This content is for the first stimulus relief package, The Coronavirus Aid, Relief and Economic Security Act (CARES Act), which was signed into law in March 2020. For information on the second stimulus relief package, the Coronavirus Response and Relief Supplemental Appropriations Act of 2021, please visit the second post here.
Under the Coronavirus Aid, Relief, and Economic Security (CARES) Act that was signed into law on March 27, 2020, businesses may delay paying the employer portion of the Social Security payroll taxes on wages paid. According to the IRS, the deferral applies to deposits and payments of the employer’s share of Social Security tax that would otherwise be required to be made during the period beginning on March 27, 2020, and ending Dec. 31, 2020.
Any 2020 deferred payroll amounts would be due to the government in two installments:
- One-half at the end of 2021.
- The remaining one-half at the end of 2022.
This deferral applies to the 6.2% Social Security (old age, survivors, and disability insurance tax) portion of the employer’s obligation. Self-employed people are allowed to defer 50% of their Self-Employment Contributions Act (SECA) tax payment, including any related estimated tax liability. The deferral does not apply to the employee’s portion of the Social Security tax or the 1.45% Medicare tax.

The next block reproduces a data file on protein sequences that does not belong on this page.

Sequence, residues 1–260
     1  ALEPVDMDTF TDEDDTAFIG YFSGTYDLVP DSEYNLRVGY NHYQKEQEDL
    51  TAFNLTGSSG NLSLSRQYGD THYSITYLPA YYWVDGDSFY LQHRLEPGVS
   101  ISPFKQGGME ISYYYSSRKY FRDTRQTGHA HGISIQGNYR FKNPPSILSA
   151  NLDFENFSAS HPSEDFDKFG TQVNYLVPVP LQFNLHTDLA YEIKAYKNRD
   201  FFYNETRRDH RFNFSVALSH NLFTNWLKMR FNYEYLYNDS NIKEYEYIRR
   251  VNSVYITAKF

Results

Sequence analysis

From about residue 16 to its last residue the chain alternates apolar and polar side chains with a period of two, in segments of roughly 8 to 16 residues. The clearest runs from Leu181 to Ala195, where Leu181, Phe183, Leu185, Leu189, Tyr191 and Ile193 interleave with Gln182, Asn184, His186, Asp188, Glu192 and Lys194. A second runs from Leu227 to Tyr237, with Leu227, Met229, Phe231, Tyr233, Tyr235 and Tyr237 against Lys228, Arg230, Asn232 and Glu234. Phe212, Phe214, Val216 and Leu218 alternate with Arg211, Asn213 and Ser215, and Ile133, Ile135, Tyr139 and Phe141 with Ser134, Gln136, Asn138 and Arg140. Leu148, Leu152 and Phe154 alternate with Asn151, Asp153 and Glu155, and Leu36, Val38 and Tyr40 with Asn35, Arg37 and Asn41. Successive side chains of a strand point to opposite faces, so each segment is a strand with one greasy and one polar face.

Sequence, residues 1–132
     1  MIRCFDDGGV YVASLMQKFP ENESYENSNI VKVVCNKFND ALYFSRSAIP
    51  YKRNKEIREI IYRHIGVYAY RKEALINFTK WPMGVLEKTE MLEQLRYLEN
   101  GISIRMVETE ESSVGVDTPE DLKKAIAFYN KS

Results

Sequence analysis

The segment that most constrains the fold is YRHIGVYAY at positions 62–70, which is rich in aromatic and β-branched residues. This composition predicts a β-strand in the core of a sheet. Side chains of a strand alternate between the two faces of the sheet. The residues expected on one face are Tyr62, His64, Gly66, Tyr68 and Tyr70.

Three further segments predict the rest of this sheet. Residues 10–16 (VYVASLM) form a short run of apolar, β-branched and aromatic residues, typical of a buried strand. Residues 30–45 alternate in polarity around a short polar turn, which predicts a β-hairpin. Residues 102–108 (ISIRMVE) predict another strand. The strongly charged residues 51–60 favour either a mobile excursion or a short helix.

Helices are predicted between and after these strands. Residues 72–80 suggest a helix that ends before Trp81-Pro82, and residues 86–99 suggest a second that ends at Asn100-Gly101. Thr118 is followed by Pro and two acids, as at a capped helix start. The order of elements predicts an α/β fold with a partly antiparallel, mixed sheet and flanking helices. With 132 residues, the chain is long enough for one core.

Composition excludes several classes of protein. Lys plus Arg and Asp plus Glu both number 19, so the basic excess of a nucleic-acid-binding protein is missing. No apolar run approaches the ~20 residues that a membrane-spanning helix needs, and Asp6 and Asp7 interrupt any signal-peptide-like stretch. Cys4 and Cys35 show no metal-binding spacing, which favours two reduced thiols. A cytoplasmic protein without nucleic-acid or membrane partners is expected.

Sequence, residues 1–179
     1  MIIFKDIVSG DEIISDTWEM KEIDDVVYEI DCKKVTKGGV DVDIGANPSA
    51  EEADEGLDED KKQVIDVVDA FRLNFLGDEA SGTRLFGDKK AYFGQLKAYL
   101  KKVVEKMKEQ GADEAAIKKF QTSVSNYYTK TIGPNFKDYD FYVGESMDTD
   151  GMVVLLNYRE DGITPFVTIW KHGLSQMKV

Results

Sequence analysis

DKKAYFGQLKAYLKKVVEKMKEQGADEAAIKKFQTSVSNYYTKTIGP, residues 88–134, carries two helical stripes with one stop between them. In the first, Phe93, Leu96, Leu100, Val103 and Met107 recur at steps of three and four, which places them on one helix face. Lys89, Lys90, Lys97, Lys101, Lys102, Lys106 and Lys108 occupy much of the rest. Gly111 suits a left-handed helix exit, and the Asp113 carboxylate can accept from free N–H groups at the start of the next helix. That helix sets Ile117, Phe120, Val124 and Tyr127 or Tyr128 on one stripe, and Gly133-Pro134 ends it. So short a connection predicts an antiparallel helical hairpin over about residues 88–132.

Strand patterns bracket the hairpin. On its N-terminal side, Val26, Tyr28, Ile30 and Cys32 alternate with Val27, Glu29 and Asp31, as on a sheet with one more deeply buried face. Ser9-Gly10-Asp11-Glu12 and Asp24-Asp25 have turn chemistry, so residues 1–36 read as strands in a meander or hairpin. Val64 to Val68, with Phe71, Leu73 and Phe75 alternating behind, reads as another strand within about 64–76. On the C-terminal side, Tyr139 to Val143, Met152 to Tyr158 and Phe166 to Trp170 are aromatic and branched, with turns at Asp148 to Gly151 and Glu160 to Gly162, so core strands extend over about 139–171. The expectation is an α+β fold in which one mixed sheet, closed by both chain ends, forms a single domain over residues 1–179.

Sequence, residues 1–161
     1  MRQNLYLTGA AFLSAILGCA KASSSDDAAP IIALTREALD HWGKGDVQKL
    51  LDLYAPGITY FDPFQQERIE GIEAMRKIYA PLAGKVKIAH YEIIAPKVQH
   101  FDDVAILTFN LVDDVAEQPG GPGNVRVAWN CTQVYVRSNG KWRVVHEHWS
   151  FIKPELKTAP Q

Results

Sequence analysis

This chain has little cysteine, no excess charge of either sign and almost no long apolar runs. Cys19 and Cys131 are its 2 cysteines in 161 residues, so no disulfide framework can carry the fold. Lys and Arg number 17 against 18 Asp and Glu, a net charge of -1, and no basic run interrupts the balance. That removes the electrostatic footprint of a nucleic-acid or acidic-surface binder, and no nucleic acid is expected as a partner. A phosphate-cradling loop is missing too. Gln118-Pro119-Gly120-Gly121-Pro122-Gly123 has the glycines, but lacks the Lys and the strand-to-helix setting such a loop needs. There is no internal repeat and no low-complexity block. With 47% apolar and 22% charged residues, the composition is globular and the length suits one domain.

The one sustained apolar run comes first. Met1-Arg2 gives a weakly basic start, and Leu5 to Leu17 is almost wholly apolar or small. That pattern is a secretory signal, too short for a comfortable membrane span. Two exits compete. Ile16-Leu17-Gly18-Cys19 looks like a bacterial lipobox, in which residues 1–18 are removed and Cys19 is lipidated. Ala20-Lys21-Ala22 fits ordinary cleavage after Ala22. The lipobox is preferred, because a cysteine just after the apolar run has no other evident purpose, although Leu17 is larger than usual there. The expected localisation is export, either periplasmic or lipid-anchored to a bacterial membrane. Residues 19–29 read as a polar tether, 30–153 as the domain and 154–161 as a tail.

Thanks to the PPP Flexibility Act, this deferral option is now available if the taxpayer or borrower is eligible to receive loan forgiveness under the CARES Act for certain SBA loans, such as the Paycheck Protection Program loan.
Advantages of the payroll deferral:
- It helps cash-strapped companies with cash flow.
- No interest or penalties will be charged, per IRS Notice 2020-22.
- It applies to all businesses; a business does not need to be adversely affected by COVID-19.
- No application is needed; the deferral is reflected on the quarterly filing of Form 941, Employers Quarterly Federal Tax Return.
- The business can use the money for other purposes.
Disadvantages of the payroll deferral:
- If a business does not need to defer payroll taxes, but chooses to, they may not have the funds when it’s time to pay.
Evaluating whether to defer the employer portion of Social Security payroll taxes gives tax professionals a good opportunity to provide valuable advisory services to small business owners during this difficult time.
For more information, please visit IRS.gov.
Editor’s note: This article was originally published by the CPA Practice Advisor. It was originally published on the Tax Pro center on May 11, 2020, and was updated on June 24, 2020, to reflect the PPP Flexibility Act. Learn from the QuickBooks team how to track deferral payments for Social Security tax payments.